Former Giants, Red Sox and Cubs coach Wendell Kim dies at 64
Kim suffered from early onset Alzheimers. He famously (sometimes infamously) coached for the Giants, Red Sox, Expos and Cubs.
When he coached third base for the Chicago Cubs from 2003-04, Wendell Kim made a practice of making himself available to the media if he ever screwed up. One time, after the Cubs failed to score and later lost to the Cardinals after Kim unsuccessfully waved home a gimpy Aramis Ramirez, he told reporters: "I felt I let the city of Chicago down."
Kim died Sunday at the age of 64, the San Francisco Chronicle reported. No cause of death was given, but Kim had been diagnosed with early onset Alzheimers, a rare form of the disease that strikes before age 65, not long after he stopped coaching. He left a wife, Natasha Kim, along with a son, daughter-in-law and grandson.
In August, the St. Louis Sports Page did a feature on Kim, who had co-written a book with Sally Tippett Rains called Youth Baseball: A Coach's and Parent's Guide. Much of the post was devoted to Kim's worsening health -- and it includes an incredibly sad recent photo of Kim celebrating a birthday. It also tells horror stories of Kim's father -- a boxer, who was described as physically abusive to his wife and kids -- who was murdered when Kim was a young boy in East Los Angeles. Someone, possibly "a hit man" from the mob, shot Kim's father twice in the head and four times in the chest because he refused to throw a fight.
Kim, despite being 5-feet-4, rose above a painful childhood and hooked on with the Giants after a tryout in the early 1970s. He played eight seasons through 1980, posting a .363 on-base percentage in 2,525 plate appearances, never rising above Triple-A. After coaching and managing in the minors, Kim joined the Giants coaching staff in 1989. He quickly gained a reputation for aggressively waving runners home and earned the nicknames "Wavin' Wendell" and "Wave 'em in Wendell."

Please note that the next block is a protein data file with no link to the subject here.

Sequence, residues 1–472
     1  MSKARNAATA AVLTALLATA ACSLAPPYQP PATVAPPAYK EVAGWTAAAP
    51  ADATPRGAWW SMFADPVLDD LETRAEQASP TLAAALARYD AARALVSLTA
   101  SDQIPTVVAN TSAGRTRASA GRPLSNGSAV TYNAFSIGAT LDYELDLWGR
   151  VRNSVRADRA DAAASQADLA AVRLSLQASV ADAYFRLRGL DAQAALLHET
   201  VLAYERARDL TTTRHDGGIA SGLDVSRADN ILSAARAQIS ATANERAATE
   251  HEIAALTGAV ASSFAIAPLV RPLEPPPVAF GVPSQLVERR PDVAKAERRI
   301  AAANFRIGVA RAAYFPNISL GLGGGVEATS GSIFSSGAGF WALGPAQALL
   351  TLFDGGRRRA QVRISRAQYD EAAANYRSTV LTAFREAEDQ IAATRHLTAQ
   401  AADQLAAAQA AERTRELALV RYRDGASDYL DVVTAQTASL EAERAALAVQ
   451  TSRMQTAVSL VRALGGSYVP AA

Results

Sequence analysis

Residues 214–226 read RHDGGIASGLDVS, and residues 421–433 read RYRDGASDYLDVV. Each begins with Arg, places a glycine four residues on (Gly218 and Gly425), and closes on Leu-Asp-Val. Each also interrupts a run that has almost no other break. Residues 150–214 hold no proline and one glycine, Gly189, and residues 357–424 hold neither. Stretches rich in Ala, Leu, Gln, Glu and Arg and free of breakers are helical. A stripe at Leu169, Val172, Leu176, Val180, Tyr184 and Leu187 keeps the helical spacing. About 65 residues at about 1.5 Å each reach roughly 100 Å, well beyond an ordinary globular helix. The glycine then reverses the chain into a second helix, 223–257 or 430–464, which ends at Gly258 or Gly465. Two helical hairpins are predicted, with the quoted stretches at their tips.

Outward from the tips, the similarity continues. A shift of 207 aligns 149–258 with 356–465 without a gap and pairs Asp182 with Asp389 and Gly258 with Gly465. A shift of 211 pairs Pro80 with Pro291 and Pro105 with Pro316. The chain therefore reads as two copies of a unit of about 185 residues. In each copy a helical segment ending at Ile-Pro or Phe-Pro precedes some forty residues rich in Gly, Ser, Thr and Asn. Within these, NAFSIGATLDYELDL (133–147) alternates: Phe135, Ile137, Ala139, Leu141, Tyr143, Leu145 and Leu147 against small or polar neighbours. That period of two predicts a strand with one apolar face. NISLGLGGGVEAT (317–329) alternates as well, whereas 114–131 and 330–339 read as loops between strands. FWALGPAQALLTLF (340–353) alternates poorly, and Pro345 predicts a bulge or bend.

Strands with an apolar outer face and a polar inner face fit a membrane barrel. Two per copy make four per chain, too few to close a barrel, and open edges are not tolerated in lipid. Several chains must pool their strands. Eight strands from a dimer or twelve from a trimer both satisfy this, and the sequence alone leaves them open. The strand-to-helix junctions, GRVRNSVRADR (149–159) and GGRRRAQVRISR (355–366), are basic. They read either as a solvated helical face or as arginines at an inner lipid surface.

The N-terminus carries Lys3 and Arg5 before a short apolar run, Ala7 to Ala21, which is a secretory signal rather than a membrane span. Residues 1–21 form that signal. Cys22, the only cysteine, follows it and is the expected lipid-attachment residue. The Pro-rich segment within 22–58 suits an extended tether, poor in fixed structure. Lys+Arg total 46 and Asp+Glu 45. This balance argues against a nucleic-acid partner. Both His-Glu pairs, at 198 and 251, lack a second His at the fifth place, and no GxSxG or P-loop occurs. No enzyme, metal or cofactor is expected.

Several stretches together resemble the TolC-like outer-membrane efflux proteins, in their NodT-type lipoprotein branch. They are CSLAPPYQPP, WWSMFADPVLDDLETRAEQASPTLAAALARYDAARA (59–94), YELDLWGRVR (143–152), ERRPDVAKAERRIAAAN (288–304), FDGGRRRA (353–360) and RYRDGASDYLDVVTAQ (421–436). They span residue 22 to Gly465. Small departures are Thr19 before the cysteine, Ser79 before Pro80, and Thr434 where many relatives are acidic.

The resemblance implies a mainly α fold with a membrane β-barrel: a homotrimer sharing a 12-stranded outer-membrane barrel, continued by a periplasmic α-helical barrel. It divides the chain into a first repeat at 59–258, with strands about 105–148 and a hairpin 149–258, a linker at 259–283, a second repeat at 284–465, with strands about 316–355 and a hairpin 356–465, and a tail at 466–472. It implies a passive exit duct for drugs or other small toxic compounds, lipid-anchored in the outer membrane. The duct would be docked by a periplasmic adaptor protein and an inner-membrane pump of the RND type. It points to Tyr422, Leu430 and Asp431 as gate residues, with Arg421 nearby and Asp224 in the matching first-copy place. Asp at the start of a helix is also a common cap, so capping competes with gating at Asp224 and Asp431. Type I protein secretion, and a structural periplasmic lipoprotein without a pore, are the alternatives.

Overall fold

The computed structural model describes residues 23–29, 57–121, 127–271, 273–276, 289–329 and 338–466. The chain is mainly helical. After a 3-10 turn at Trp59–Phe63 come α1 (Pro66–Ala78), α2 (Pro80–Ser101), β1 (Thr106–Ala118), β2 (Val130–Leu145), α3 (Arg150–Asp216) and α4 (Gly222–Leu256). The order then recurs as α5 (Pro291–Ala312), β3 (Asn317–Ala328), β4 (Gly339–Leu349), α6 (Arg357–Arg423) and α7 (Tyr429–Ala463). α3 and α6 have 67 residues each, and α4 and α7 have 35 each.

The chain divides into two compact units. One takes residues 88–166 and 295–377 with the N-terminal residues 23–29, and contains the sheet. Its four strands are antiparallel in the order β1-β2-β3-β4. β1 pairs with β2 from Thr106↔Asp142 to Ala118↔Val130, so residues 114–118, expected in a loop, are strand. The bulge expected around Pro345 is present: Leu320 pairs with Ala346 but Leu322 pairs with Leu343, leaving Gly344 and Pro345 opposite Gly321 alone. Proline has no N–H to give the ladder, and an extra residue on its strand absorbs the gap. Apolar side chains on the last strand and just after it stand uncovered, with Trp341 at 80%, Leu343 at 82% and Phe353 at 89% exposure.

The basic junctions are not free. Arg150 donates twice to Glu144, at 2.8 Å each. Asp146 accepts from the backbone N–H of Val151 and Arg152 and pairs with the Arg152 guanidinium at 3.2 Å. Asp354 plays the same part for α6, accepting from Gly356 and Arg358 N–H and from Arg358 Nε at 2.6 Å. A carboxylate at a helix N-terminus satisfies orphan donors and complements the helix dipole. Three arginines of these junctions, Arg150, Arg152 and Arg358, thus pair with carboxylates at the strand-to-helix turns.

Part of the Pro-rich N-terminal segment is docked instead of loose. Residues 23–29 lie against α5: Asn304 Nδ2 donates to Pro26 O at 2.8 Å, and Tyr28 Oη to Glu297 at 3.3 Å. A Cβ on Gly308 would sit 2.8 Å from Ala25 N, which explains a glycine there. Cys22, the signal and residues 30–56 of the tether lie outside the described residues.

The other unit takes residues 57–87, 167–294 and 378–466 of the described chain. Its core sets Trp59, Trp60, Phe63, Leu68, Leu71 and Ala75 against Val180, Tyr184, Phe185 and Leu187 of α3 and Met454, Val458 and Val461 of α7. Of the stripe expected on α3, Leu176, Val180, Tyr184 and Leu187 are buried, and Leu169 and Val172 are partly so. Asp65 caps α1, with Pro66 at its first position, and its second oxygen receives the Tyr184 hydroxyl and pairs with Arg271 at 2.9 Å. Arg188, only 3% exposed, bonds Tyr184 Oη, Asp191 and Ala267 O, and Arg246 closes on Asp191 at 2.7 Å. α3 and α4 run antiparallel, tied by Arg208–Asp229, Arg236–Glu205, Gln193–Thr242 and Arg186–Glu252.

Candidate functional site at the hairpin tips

Kim reportedly was the first Korean-American to wear a major-league uniform. He used to sprint from the dugout to the third-base coach's box. He did his job with an obvious passion. And no matter if he got a runner thrown out, Kim was accountable -- to his team, to the press, to the fans.
Rick Morrissey of the Chicago Tribune wrote in 2003:
So there he stood in the clubhouse after the Cubs' 2-1 victory over the Sox, the sweep averted, redemption served to him on a plate. Home plate.
"I'm crying now, and I was crying in the shower thinking about how [supportive] the players are," he said.
After the loss Saturday, a Cubs official had told Kim not to talk with the media, hoping to shield him from interrogation and criticism. Trust us, Wendell Kim doesn't need protecting. This is a guy who had lived a whole life of pain in East Los Angeles by the time he was old enough to buy a beer. You have someone introduce your head to the barrel of a gun when you're 21 and you understand that a few questions aren't going to kill you at 53.
You somehow make it through your father's murder as a child and you understand that a bad coaching decision is just a superficial wound.
So long, Wavin' Wendell.